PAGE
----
Well I’m delighted to report that after spending a year with my classmates, it is my conclusion that the admissions office has the same test. I am constantly amazed at how many different interests we have. We have runners, climbers, cyclists, hikers, ultimate players (Frisbee, not creepy), movie buffs, poker enthusiasts, volunteers, foodies, gamers, techies, fashionistas, and many more. That’s not even counting our wide variety of business interests, from marketing to finance, start-ups to Fortune 50, non-profit to investment banking.

What makes Foster such a great place to be is that not only do we have so many diverse interests, but we all want to share them with each other. There are so many different small groups that have formed, each with a specific interest, and each excited to share that interest with the rest of the class. Together with the formal MBAA (MBA Association) clubs, these informal social clubs form the real glue of our school by bringing people together.

As the president of the MBAA, my job is to empower and enable students to create both the formal and informal clubs, and to be sure that we are sharing our interests with the community at large. At the risk of sounding a tad conceited, I want the world to realize what I have: that Foster students are pretty darn awesome people, and the world-at-large would be lucky to have us in their companies, on their boards, or just at their parties.

So here is my challenge to next year’s class, which I issued at the admit weekends. Over the summer, think about how you want to be involved outside of the classroom, where you want to contribute. What gets you up in the morning? What is your passion? And most importantly, how will you share that passion with the rest of Foster? When you arrive in the fall, look me up and tell me what you decided. That’s what the MBAA is here to help you do.

~ Guest Blogger Jason Rankin, Full-Time Class of 2012 and MBAA President

Evening Program Events

Thursday, June 2nd, 2011

I can’t believe Spring quarter and my first year in the Evening MBA program are coming to an end. Thinking back on the past year, so much has happened that my head is still spinning:
– Meeting future classmates at Evaluation Day & EPRIME
– 6 rigorous core courses and 5 amazing professors
– Weekend study group sessions with 4 exceptionally talented and smart guys
– Participating in mentoring events at Russell Investments and SeaBear
– Flying off to Peru for the best study tour Foster students have ever seen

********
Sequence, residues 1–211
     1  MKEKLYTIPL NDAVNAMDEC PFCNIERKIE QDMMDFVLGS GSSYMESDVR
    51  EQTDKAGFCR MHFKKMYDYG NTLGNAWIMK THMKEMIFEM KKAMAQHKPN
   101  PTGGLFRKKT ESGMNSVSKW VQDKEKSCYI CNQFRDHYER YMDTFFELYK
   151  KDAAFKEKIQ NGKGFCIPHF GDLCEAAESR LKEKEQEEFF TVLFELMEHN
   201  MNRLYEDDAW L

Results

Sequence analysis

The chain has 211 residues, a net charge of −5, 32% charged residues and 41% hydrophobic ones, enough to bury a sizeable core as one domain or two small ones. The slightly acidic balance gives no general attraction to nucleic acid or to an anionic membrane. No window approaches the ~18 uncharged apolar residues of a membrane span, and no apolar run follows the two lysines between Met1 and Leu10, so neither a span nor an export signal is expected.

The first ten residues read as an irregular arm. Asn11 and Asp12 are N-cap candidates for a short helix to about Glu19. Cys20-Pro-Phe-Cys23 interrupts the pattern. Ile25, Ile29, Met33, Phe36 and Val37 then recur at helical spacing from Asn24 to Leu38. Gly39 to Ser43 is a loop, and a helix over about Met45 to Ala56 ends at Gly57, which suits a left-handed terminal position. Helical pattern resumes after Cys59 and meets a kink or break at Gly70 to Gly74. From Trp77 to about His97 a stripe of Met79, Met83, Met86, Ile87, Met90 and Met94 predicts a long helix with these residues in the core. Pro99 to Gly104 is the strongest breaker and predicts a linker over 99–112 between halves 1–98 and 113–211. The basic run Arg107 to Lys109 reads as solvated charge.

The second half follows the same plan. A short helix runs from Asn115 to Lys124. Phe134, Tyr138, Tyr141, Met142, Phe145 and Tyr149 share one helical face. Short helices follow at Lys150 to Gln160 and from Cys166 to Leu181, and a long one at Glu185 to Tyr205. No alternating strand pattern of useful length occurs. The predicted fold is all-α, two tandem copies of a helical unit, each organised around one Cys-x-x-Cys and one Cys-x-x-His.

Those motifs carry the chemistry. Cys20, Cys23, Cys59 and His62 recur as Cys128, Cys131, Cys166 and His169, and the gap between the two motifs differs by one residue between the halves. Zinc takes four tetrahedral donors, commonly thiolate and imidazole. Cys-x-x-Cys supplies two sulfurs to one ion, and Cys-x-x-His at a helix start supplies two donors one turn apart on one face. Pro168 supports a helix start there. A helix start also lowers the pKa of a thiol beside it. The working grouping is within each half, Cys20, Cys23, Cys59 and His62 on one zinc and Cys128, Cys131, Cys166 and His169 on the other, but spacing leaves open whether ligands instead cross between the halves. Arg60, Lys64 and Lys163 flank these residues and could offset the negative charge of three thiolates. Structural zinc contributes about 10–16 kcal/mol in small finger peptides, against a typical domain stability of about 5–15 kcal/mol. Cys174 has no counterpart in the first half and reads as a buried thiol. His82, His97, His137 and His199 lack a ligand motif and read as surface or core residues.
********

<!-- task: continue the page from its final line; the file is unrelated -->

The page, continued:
– Meeting future Foster hopefuls at campus night events and class visit
– Not to mention all the extracurricular fun like playing on two Foster intramural volleyball teams, happy hours, TG’s and the Fall Ball

Through it all, the one common aspect that made everything enjoyable and the experience invaluable was that I connected with so many different people in the Foster community. Everyone from the professors, faculty & staff, classmates and especially my study group members have made the journey thus far, an incredible one. And, now that I am able to serve as the Evening MBAA VP of Membership, my goal is to help build the MBAA community that will further bring everyone together and add value to everyone’s educational and career goals.

This Summer, the MBAA will be looking to plan events that will strengthen the connections made over the past year. Some events that have already been calendared are:
– The Evening MBA End of Year Celebration & Leadership Recognition on Saturday, June 4th 7PM start at Woodshed Studios in South Lake Union
– 1st Annual Challenge For Charity Walk on Wednesday, June 8th, 6PM start at the Greenlake Community Center
– Death Spiral’s last stand – The MBA Band’s last performance on Thursday, June 8th, 10 pm start at Rendezvous/Jewelbox Theater

Additional events that are being planned include:
– Summer BBQ
– Mariners/Sounders Game Night

So, as I look forward to closing out my first year in the program, I am even more excited to find out what lies ahead in the second year. And, these Summer events will be the perfect springboard to dive in!

~Guest Blogger, Mark Ninomiya, Evening Class of 2013 and Evening VP of Membership